Then Jose Canseco, acquired from the Texas Rangers in December to take some of the run-producing load off Vaughn, missed 32 games early in the season with a groin strain. Vaughn hit .323 with eight homers and 24 RBIs while his new teammate was recuperating. Canseco was at the top of his game when he returned, but he has played second fiddle to Vaughn. You can usually find Canseco in front of his locker, alone, quietly reading his mail. While the fans and the media have pounced on Vaughn as if they mistook him for Colin Powell, Canseco has thrived in relative peace.
"Mo has been carrying this team consistently, day in and day out, and that to me is what makes an MVP," says Canseco, who was the American League MVP in 1988 as a member of the Oakland A's. "Every time this team needed him, he was there with a clutch hit or a clutch home run."
"He doesn't hit them when we're eight runs up," says Red Sox manager Kevin Kennedy. "When Mo hits them, they usually mean something." Six of Vaughn's last nine homers, for instance, have either tied the score or put Boston ahead.
In Vaughn's career no home run meant more than the one he hit in Anaheim early in the 1993 season. Before the game he spoke on the phone with Jason Leader, an 11-year-old cancer patient in a Boston hospital. Vaughn told Jason that he would try to hit a home run for him, and on his third at bat, as if following some corny script, he launched the ball into the centerfield seats. Legend born. Jason died last year, but in Boston he became a permanent part of the Mo mystique.
Vaughn spends more time in Boston schools than some students. In April 1994 he established the Mo Vaughn Youth Development Program, a counseling center in Dorchester for inner-city kids from throughout the Boston area, and as a participant in an adopt-a-school program he makes regular appearances at an elementary school in urban Mattapan. When he speaks to kids, Vaughn usually leaves the earrings in and the hat on backward, and he invariably makes a connection that most adults can only dream about. It is, he says, the secret to his appeal. He's not being a role model or a hero. He's just being Mo.
As a rookie in 1991 Vaughn was told by then teammate Ellis Burks that black players in the Boston organization "can't do this and can't do that." Vaughn says he heard from a number of players around the league that Boston was not a good place for a young black player, but he had grown up in Connecticut—his father, Leroy, was a high school principal and his mother, Shirley, was an elementary school teacher—and still has relatives in Boston. He decided to do what he had always done. Just be Mo.
"I just said, 'Maybe not everyone's going to like me, but they're going to respect me,' " he says. "I have always tried to just do my job and be myself, and I've had no problems. When I was sent down [to the minors], it wasn't because of race. When I was cheered, they weren't cheering because of race. It's a tough place to play, but if you can make it here, it's the best place in the world." Vaughn ought to know. There's one significant difference between him and most of the other bright young sluggers in the game: He got an up-close look at failure before emerging as a major league success. Upon opening the 1992 season as Boston's regular first baseman, Vaughn hit .185 with two home runs in his first 23 games—quite a comedown for a slugger who had hit 57 home runs in three college seasons at Seton Hall and who had been named Player of the Decade in the Big East Conference.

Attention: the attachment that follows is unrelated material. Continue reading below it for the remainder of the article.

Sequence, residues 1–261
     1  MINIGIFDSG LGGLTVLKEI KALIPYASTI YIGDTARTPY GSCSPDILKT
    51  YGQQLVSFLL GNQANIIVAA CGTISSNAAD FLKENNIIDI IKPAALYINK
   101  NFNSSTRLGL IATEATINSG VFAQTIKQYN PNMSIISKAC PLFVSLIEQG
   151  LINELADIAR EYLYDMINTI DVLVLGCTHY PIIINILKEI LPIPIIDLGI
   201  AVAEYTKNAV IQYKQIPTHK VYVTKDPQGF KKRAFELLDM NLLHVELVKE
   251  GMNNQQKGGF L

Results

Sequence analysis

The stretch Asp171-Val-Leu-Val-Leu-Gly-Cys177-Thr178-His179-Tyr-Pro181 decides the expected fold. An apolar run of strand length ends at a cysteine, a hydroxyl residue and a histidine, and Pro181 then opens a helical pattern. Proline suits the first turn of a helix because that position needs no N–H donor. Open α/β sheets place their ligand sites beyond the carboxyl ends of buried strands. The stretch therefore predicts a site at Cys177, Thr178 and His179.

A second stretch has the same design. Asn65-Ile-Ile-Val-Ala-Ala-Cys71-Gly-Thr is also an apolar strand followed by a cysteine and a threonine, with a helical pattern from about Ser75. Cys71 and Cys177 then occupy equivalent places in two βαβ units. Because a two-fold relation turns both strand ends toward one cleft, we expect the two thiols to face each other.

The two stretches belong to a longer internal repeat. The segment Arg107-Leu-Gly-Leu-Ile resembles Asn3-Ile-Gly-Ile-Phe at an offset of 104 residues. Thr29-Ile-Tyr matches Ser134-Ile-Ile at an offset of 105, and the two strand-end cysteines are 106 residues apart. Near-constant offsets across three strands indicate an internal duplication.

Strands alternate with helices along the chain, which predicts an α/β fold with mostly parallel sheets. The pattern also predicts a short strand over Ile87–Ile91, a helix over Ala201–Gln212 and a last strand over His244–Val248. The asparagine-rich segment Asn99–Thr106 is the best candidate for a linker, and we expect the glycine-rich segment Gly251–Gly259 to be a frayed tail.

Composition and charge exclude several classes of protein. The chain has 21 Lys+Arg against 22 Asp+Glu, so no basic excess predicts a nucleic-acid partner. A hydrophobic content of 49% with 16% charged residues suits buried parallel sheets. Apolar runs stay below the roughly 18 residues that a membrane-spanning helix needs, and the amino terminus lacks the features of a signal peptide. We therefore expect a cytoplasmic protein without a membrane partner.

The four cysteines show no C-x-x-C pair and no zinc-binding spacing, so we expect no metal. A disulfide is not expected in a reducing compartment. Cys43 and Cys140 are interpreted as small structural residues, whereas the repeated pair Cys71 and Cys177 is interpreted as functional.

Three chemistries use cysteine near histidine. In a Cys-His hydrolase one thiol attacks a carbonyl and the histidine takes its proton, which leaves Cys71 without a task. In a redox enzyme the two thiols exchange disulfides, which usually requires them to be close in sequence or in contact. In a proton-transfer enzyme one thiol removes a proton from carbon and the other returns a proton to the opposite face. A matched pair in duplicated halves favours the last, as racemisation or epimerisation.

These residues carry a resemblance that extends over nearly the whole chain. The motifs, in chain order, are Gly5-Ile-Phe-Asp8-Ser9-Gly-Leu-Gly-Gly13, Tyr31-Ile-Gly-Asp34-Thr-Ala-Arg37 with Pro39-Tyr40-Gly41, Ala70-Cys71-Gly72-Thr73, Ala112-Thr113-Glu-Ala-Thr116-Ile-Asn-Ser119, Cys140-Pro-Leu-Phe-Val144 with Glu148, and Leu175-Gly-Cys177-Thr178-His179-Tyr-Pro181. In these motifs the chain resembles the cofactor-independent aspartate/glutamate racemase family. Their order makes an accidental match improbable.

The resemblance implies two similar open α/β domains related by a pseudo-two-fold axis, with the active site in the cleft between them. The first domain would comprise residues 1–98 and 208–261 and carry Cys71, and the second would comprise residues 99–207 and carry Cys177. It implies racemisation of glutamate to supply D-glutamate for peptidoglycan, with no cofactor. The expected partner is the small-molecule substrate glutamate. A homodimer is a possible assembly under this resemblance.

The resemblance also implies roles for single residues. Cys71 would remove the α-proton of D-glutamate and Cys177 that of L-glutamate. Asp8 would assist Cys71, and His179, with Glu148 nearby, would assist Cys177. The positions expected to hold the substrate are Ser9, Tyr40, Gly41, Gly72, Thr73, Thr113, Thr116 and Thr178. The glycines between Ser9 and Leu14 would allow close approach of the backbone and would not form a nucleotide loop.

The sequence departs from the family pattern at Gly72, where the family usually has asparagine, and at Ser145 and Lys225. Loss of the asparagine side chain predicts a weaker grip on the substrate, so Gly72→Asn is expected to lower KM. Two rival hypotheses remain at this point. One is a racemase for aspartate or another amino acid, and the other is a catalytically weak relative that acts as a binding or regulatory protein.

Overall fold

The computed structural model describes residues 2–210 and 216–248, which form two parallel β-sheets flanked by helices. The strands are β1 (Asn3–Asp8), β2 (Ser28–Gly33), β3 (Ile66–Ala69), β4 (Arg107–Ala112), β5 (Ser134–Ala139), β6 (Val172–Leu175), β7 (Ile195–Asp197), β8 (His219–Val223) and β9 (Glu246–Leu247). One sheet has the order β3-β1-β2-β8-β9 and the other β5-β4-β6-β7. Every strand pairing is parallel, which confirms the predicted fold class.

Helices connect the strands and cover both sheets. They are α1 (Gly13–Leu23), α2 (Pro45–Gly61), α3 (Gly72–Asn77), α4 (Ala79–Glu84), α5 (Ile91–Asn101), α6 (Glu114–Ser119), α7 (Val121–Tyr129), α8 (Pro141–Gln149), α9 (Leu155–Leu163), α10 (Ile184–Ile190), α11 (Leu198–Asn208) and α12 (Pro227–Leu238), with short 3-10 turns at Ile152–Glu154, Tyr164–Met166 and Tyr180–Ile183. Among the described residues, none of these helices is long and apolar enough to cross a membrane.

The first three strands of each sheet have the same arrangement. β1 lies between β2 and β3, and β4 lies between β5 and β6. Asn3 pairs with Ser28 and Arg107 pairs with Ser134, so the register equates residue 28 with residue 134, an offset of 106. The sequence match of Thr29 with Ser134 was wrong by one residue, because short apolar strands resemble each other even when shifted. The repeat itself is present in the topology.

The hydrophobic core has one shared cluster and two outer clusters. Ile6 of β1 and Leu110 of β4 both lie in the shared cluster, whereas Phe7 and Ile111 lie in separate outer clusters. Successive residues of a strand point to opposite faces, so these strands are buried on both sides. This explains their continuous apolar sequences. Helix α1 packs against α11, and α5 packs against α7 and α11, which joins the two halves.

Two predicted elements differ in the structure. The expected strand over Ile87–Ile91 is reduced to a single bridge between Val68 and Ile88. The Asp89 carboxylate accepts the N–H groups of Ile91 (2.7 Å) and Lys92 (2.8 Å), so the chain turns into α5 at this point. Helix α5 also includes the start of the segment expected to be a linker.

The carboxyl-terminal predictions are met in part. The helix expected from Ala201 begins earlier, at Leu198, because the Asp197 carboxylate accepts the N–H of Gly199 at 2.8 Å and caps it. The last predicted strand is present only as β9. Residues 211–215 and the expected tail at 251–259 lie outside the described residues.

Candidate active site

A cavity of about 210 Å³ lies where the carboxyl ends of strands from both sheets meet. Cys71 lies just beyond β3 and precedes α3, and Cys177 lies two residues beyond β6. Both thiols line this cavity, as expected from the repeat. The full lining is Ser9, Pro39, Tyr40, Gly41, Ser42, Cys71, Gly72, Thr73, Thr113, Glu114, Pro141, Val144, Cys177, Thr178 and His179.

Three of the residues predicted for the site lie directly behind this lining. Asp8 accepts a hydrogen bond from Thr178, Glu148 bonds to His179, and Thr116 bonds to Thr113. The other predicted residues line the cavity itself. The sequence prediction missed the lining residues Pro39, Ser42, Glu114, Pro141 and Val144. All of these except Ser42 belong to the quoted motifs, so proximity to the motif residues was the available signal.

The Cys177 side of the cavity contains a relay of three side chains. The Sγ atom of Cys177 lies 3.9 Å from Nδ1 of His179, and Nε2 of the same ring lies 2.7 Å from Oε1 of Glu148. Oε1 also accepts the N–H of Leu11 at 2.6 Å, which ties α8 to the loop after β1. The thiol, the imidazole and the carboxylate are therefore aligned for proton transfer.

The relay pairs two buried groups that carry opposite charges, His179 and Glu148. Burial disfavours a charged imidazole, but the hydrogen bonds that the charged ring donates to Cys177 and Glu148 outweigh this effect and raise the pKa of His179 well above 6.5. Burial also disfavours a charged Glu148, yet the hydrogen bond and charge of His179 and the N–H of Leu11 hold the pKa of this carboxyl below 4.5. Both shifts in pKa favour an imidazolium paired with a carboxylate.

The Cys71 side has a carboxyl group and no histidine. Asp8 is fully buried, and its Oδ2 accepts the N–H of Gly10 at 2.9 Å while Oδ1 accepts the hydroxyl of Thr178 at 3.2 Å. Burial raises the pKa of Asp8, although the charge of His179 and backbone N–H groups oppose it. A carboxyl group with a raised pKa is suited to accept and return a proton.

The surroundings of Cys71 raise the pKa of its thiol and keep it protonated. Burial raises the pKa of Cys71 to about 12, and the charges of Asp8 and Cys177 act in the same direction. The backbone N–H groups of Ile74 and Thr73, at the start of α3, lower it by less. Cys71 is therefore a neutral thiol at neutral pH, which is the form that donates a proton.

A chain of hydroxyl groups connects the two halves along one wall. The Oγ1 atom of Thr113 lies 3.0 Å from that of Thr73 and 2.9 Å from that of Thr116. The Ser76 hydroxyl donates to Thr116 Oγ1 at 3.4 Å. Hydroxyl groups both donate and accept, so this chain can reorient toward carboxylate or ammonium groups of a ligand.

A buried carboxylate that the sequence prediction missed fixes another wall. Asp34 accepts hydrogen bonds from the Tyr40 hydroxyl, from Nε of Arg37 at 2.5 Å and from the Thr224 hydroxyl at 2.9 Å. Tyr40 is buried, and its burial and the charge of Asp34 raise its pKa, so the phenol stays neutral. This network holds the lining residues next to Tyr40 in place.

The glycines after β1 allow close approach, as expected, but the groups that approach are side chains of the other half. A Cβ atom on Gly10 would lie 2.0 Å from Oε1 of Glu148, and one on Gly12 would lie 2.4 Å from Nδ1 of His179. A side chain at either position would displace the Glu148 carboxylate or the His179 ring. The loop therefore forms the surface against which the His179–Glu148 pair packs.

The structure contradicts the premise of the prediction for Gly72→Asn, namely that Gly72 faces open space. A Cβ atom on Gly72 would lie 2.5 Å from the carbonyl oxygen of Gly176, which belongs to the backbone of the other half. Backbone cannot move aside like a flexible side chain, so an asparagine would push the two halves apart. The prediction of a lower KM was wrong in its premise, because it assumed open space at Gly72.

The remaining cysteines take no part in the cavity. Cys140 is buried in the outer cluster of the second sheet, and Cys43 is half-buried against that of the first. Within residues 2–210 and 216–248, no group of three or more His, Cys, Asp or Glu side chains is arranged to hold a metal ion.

The Boston fans had expected Vaughn, also known as the Hit Dog, to be a hit. Instead, they got mostly dog, and they booed the brashness right out of him. "Man, it hurt," Vaughn says now. "I was a pretty confident kid, but they really cut me down to size."
A little more than a month into the season, Vaughn was sent back to Triple A. Before he reported to the Pawtucket (R.I.) Red Sox, he met his parents at a hotel and cried all night. He spent six weeks in the minors before returning to Boston, and he hasn't been back to the bushes since. "Now I realize that it was the best thing that ever happened to me," Vaughn says. "When I'm feeling tired or sore now, I think back to those times when I got nailed pretty good, by the fans, the media, everyone."
Vaughn became one of the most feared power hitters in the American League in 1993, and he gives the credit to former Red Sox batting coach Mike (Hit Man) Easler. In their two years together, the Hit Man taught the Hit Dog more than hitting. He filled Vaughn with confidence and energy and persuaded him that he could be himself and be a star in the Fenway frying pan. Vaughn had 29 home runs and drove in 101 runs in his first full season under Easler's tutelage. Last year he was good for 26 homers and 82 RBIs in 111 games. "The Hit Man taught me to take all my anger—and after I was sent back to the minors, there was a lot of anger—and channel it into the barrel of the bat," says Vaughn.